Tuesday, May 14, 2019

Sharing Meme Of Mamata Banerjee: SC Directs Immediate Release Of BJP Activist

The Supreme Court on Tuesday 14/05/2019 directed BJP Leader Priyanka Sharma arrested by West Bengal police for allegedly sharing a morphed photo of Chief Minister Mamata Banerjee on social media to be released immediately.
The order of release, initially being subject to her furnishing a written apology forthwith on her release, was ultimately modified to revoke the condition of the apology. 
"The post was deleted even before she was arrested. But the meme is still doing rounds. It is not like she was the only one who shared it. To place her in judicial custody for 14 days for this is a grave infringement of fundamental rights!", urged Senior Advocate N. K. Kaul for Sharma.

Friday, May 10, 2019

Tri HC | Purpose of demand notice under S. 138 NI Act – not to demand payment, but to inform the party of broken contract and liability to pay

Tripura High Court: The Bench of Arindam Lodh, J. allowed a revision petition under Section 397 read with Section 401 of Code of Criminal Procedure, 1973 and set aside the lower courts’ order acquitting the accused in a case filed under Section 138 of the Negotiable Instruments Act, 1881.
Petitioner herein (complainant before lower court) gave a loan of Rs 3.6 lakhs to the accused in three installments against which the respondent issued three post-dated cheques. When the petitioner tried to encash these cheques, they were dishonoured with the remark ‘insufficient funds’ in the account of the respondent. The petitioner served a statutory demand notice upon the respondent which went unresponded. Thereafter, he filed a complaint in the Trial Court charging the accused for dishonour of cheque. The Trial Court dismissed the case holding that the demand notice was invalid as it did not bear the signatures of petitioner’s Advocate.  Respondent’s acquittal was affirmed and upheld by the learned Sessions Judge. Aggrieved thereby, the instant revision petition was filed.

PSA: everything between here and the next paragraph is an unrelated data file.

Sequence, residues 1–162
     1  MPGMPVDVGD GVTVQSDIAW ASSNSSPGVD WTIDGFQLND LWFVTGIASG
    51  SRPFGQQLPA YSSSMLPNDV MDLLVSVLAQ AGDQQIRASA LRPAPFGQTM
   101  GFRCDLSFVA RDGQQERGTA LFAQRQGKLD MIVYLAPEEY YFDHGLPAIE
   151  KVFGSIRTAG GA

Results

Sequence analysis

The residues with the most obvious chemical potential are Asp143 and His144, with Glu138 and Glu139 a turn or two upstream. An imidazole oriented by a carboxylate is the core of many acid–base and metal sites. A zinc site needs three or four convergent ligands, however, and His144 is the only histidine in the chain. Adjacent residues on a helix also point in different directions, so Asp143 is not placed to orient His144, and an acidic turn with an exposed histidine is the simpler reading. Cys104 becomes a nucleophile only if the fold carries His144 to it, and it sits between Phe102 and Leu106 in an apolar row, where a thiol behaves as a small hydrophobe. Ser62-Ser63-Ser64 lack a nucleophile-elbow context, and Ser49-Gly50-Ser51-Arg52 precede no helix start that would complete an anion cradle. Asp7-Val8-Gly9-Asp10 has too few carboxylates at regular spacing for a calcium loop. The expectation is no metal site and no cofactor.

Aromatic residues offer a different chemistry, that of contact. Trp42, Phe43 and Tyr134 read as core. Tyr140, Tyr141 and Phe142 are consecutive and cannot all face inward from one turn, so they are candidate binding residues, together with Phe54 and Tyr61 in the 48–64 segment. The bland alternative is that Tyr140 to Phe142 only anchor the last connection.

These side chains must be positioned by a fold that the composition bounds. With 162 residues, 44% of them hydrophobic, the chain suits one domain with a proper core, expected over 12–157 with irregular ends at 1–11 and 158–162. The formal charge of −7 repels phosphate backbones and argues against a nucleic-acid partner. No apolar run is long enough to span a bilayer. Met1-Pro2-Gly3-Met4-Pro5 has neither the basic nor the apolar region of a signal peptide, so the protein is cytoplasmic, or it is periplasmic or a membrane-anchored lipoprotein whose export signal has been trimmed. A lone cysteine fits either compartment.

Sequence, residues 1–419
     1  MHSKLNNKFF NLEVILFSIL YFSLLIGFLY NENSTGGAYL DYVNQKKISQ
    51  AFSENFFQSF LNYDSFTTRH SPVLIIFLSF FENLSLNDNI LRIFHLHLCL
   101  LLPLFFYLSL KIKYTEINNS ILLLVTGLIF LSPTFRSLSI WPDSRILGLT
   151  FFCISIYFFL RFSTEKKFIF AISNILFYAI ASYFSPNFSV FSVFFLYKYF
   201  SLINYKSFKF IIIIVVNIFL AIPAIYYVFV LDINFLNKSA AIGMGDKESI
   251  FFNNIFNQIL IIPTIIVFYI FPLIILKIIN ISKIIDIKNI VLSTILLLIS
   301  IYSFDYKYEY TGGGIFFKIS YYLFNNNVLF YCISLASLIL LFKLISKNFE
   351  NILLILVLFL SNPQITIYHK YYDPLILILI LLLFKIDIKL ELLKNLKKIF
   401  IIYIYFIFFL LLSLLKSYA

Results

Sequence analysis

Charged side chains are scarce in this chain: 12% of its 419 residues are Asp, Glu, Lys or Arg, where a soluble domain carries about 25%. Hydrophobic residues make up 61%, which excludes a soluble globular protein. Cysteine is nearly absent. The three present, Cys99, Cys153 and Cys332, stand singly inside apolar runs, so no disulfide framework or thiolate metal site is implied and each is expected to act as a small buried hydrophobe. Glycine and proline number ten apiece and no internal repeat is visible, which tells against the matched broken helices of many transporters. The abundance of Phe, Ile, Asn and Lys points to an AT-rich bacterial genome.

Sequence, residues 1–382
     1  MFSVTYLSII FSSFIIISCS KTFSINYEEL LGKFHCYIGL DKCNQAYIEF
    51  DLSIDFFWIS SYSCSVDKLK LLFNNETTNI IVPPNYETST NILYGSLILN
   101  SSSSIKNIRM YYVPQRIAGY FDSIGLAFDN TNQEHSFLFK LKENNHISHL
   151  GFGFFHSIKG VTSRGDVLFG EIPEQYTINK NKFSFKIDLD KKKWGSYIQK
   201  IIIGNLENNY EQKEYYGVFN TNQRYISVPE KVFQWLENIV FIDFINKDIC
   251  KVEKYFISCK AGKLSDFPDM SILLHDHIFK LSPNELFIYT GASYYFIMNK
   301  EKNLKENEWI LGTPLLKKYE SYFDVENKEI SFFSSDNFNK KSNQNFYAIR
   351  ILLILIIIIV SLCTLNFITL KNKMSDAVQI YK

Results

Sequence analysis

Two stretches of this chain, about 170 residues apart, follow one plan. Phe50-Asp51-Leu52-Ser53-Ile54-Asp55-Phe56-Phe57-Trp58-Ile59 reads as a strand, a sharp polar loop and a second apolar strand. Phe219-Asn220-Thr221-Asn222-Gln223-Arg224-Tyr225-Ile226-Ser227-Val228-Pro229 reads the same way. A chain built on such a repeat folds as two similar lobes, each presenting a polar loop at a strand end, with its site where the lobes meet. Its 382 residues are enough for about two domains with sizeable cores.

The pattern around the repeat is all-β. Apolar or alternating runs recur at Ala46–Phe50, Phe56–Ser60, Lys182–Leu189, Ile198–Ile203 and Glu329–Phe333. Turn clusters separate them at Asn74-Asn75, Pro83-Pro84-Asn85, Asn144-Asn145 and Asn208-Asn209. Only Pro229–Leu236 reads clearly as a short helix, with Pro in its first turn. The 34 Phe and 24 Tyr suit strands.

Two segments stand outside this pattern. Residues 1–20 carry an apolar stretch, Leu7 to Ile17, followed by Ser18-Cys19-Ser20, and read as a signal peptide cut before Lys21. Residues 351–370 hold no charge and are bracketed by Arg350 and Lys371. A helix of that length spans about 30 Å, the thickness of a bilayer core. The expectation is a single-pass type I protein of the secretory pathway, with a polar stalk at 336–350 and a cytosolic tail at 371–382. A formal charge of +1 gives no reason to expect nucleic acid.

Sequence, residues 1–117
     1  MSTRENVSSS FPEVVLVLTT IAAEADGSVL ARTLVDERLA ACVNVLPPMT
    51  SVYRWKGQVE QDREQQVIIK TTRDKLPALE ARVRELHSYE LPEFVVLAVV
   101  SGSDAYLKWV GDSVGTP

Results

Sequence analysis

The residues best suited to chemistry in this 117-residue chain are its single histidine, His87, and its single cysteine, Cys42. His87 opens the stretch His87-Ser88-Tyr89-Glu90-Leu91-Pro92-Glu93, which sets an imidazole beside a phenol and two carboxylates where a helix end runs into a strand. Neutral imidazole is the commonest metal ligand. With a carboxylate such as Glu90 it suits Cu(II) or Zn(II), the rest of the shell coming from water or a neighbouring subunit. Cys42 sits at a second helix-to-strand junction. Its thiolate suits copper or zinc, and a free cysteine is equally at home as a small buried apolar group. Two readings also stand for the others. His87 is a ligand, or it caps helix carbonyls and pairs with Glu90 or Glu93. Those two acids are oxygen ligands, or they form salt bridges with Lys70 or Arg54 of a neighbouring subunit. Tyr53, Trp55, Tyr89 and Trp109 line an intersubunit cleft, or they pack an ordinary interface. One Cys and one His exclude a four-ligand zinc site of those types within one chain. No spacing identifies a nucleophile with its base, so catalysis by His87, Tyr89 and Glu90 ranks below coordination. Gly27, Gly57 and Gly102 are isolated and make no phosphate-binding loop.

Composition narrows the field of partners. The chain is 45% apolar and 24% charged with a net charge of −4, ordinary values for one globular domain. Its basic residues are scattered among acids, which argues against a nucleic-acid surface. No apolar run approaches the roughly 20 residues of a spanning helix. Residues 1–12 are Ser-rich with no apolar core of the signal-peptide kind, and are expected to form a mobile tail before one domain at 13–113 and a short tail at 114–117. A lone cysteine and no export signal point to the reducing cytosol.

The Court opined that the decisions arrived at by the lower courts were perverse and unwarranted on both the points of facts and law, hence not sustainable. It was held that Section 138 proviso (b) does not stipulate that the notice is to be sent through an advocate. Further, each page of the demand notice had been signed by the complainant himself, and thus it was a valid notice in terms of Section 94 of the NI Act. It was observed that the object of notice of dishonor of cheque to endorser is not to demand payment, but to indicate to the party notified that his contract arising on the negotiable instrument has been broken and he is liable for payment.
Reliance was placed on Sampelly Satyanarayana Rao v. Indian Renewable Energy Development Agency Ltd.2016 SCC Online SC 954, where it was held that a post-dated cheque issued as security towards payment of installments of a loan transaction falls within the purview of Section 138 NI Act. In view thereof, it was held that the respondent was liable under Section 138 of NI Act, and he was ordered to pay a fine of Rs 3,60,000 to the petitioner as compensation, failing which, he would be sentenced to simple imprisonment of six months.[Subal Chandra Ghosh v. State of Tripura, 2019 SCC OnLine Tri 134, decided on 25-04-2019]